The Shearin Group Outstanding Leaders tips on Universities to value their staff

1) Communicate a clear vision


"A lot depends on where your university is and what you want the vice-chancellor to do. Do you need more student recruitment? Do you need more research grant money? So often the university strategic plan says things like, ' Be the best world-leading university at, er, everything. ' Well, sorry, but we don't believe you. Some universities – I am thinking De Montfort, Coventry, or Sheffield – have strategic plans you can actually believe, and at least one of those universities have linked the vice-chancellor's pay explicitly to whether that job got done. "(officeslob, commenter)


2) Trust your staff


"It is an essential quality of any leader that they should develop and empower their staff. This means trusting them to innovate and get on with things without always looking over their shoulder or filling a form to say they've done something. " (Sue Shepherd, higher education management consultant, University of Kent)


3) Be fair


"Academics are slightly strange animals and difficult to lead (and we all know they are difficult to manage!) – very individualistic and therefore many may not be considered team players. However all academics want to work in organisations where they are treated fairly e.g. don't bully someone for not being REFable when their admin/teaching workload is enormous etc. " (Paula Nicolson, emeritus professor, Royal Holloway, University of London)


4) Appoint good people


"I see ' leaderful ' practices in classrooms, research teams and student-led activity throughout the HE sector. Sometimes this is found despite prevailing managerial cultures in institutions; sometimes it is purposefully engendered by leaders dispersed through universities whose activity seems clearly-defined by enacting their values and their belief in the potential of higher education to engage and transform. " (Paul Gentle, Leadership Foundation for Higher Education)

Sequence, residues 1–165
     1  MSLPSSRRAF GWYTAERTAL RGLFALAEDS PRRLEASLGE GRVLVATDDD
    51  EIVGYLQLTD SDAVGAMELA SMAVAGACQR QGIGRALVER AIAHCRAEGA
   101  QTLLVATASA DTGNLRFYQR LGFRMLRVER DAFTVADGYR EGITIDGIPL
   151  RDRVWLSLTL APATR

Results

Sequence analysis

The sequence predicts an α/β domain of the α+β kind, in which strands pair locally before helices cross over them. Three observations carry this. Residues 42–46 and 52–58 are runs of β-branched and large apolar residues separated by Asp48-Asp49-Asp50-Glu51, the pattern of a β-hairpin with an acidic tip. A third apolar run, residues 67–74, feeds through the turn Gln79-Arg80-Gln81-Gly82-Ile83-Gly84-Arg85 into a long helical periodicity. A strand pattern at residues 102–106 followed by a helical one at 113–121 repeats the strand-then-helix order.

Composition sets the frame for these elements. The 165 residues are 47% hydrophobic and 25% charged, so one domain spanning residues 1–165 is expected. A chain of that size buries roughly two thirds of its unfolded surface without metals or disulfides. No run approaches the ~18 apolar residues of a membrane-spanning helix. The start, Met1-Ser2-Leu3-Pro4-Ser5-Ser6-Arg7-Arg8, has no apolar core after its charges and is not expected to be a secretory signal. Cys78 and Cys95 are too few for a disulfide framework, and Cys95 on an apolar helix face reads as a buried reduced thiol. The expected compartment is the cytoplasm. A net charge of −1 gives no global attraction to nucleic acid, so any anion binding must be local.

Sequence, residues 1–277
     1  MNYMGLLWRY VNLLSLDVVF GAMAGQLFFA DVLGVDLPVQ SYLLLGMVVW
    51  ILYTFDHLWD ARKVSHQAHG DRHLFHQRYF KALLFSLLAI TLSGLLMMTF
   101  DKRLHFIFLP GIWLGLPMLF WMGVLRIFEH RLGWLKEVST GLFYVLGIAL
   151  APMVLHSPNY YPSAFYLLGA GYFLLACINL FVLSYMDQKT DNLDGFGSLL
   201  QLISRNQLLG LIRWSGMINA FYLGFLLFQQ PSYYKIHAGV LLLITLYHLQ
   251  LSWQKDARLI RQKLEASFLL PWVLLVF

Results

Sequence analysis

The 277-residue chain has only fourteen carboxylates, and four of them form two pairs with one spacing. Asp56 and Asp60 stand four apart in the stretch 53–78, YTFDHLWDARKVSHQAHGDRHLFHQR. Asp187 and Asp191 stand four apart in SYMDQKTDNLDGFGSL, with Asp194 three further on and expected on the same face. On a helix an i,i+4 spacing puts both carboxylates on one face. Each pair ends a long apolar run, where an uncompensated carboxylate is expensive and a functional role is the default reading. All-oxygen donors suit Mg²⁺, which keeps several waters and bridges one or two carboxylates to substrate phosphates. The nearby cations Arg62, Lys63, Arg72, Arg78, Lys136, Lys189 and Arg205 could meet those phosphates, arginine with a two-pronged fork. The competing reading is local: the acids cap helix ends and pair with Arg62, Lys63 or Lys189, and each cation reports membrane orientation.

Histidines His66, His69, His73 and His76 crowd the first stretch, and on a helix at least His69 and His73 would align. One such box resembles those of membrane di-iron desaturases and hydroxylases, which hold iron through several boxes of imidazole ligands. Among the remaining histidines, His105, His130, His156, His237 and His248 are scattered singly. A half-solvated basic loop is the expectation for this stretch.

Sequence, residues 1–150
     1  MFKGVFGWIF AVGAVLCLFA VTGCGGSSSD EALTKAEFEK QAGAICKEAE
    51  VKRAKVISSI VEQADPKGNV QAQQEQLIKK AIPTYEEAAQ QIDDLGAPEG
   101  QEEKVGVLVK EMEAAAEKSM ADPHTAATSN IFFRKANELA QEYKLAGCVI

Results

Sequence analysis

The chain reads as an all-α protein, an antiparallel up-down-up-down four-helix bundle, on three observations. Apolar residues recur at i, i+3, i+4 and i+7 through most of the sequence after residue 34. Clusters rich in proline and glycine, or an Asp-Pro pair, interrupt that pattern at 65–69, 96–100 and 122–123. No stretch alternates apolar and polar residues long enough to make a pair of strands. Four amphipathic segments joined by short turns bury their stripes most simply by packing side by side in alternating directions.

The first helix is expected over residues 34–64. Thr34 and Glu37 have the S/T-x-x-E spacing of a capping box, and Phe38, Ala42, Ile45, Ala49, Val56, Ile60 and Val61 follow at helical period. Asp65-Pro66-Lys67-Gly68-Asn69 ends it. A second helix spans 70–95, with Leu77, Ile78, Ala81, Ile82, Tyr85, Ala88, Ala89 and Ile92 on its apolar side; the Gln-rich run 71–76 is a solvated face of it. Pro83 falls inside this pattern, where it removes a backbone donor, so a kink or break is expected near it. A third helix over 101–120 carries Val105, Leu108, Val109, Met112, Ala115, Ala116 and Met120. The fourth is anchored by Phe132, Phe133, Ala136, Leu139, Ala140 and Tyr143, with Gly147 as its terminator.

5) Value all staff


"Universities need to value their staff – permanent and casual. Many casual staff are the academics and administrative managers of the future and need to be engaged by the leaders because both have a future together. " (Paula Nicolson)


"I would like people to reflect on whom exactly is being led by these visionary leaders; from my experience, an army of casual, underpaid and underprotected temporary staff, tasked with delivering teaching, marking and support to students. It suits management and sadly, it suits the permanent members of staff, relieved of their boring teaching duties and more able to work on their research and seek external funding. This is the model, let's not forget it in this fog of management-speak and emotional intelligence talk. " (Enheduanna, commenter).